June 3, 2022
A recent issue of The Quarterly Review of Biology featured a review of Stephen J. Pyne’s To the Last Smoke: An Anthology.
From the review by Donald A. Falk at the University of Arizona’s School of Natural Resources & the Environment:
Some of the best sections of book are chapters in which fire is seen through the lens of a particular person, including fire managers and scientists, some of them well known and others underappreciated. These sections are refreshing because they center on narrative rather than politics or philosophy.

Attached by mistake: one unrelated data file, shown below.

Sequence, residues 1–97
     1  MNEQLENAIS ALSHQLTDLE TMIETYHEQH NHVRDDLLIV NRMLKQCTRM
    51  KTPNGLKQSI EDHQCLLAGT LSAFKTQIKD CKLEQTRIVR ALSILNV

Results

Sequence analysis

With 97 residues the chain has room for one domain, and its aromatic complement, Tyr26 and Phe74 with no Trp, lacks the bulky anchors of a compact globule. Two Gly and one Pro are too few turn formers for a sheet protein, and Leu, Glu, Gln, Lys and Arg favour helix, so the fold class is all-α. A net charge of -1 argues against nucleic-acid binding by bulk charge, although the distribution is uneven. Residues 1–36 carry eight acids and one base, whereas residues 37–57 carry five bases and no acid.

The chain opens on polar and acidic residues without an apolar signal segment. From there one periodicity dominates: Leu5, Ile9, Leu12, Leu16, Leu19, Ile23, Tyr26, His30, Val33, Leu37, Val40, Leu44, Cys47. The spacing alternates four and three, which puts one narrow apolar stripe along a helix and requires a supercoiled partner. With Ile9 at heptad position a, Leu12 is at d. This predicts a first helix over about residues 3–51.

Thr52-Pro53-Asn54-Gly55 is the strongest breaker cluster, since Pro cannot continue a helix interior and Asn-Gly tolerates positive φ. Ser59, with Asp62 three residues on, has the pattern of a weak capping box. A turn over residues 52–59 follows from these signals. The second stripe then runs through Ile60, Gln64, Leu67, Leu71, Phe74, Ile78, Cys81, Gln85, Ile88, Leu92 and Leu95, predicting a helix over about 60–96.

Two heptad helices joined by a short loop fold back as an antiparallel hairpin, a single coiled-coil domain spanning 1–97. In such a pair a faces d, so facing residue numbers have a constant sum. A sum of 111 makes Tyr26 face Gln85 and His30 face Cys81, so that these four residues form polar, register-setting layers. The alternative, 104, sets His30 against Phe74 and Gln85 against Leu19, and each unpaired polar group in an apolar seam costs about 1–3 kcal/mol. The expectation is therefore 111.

Pyne’s language is exceptional among writers about wildfire. Describing how the indigenous inhabitants of the Southwest used the increasingly sparse fuels near their settlements, the author writes that “[l]andscape fires thinned, and then shrank into the hearths of kivas and kilns”. In fact, this displacement of fire from landscapes to controlled combustion in human devices is a theme throughout the volume and elsewhere in his writing, a phenomenon he describes as the “pyric transition” in human and Earth history.
… There are many poets of place; Stephen Pyne is a poet of process, and his work is required reading for anyone who wants to understand wildland fire in today’s world and into the future. The irony of the title is that there is no last smoke.